Bell and Hyundai Soar Into the Air Taxi Race


SO FAR, DEVELOPMENT of the electric vertical-lift aircraft that will enable our dreams of future urban air taxis has largely been the purview of small aviation startups. The “bigs,” Boeing and Airbus, have acquired or partnered with smaller firms, while automakers—who bring expertise in mass-production if not flying—have mainly stayed on the sidelines. That changed in a big way this week at CES.

First, helicopter manufacturer Bell confirmed that the Nexus air taxi concept vehicle it revealed last year wasn’t merely vaporware. On Monday at CES, the company unveiled mockups of a smaller, nimbler fully electric model, the Nexus 4EX, based on the lessons learned from the response to the earlier model. Bell further staked its claim in future aeromobility, announcing a proposed smart city ecosystem that would help distribute the services of air taxis and drones and manage their operation, whereabouts, and maintenance.

Meanwhile, South Korean carmaker Hyundai—an industrial giant well versed in the kinds of high-volume manufacturing a viable air taxi industry will require—also revealed designs for both a craft and a support system for future air taxi operations. Its four-passenger S-A1 aircraft, developed in collaboration with Uber Elevate, uses eight rotors: four that tilt for vertical and horizontal flight and four that are fixed in the horizontal position to boost downward airflow while hovering. The company says its electric PAV (personal air vehicle) concept will work with a new ground-based infrastructure system that will include an air taxi station called a Hub and a network of electric PBVs—Purpose Built Vehicles—that will shuttle people to and from the air taxis.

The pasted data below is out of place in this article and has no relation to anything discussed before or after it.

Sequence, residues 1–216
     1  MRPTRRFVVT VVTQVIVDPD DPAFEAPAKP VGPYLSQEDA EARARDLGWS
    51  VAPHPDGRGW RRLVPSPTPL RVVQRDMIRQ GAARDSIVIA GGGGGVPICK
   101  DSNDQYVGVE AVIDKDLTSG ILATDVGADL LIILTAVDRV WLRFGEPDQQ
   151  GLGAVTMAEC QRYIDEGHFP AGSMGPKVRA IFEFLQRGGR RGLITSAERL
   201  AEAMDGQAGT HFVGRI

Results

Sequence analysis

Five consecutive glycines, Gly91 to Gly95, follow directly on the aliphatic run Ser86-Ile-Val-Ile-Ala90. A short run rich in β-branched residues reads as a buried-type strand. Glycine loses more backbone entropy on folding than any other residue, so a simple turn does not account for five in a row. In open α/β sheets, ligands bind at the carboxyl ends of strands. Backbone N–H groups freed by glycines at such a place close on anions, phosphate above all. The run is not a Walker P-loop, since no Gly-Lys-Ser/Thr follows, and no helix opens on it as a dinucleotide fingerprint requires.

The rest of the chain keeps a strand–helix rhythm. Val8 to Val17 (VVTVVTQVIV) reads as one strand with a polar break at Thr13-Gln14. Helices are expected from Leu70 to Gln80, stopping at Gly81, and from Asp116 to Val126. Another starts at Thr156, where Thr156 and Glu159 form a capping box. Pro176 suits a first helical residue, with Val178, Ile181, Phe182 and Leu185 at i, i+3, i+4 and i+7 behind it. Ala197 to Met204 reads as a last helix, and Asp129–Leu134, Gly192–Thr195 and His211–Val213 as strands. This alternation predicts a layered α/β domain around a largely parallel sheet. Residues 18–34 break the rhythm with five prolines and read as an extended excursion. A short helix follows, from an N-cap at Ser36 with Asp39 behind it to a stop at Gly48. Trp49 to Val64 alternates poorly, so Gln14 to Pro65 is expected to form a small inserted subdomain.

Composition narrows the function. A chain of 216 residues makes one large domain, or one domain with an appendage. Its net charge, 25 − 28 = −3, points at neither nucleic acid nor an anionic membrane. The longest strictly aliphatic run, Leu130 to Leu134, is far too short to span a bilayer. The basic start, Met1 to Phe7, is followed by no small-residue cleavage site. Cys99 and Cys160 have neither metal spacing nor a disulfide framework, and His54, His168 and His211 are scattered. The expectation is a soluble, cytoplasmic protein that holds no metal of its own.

Hyundai’s partnership with Uber, announced formally at CES, will facilitate the carmaker’s transition to aircraft manufacturing, says Nikhil Goel, Uber’s head of product in its aviation efforts. He cites Uber’s NASA-inspired approach that validates vehicle design concepts and then releases them publicly so they can be adapted by other manufacturers. The craft has features, including counterrotating blades that minimize noise and tilting rotors that improve efficiency, that match Uber’s envisioned approach to air taxis. “Their new conceptual design fits our requirements because it’s based on how we envision an ideal design,” Goel says.

Hyundai’s recent hire of former NASA aerospace engineer Jaiwon Shin is a sign of its commitment, Goel says, and the company’s expertise in global manufacturing will be key to the eventual rollout of large numbers of aircraft. “The future of Uber Air depends on having hundreds of thousands of aircraft around the world, and the aerospace industry isn’t used to that kind of volume,” Goel adds. “Electric aircraft manufacturing needs to be fundamentally different from how aircraft are manufactured today. That’s what will get us to an accessible cost-per-trip for air taxi flights.”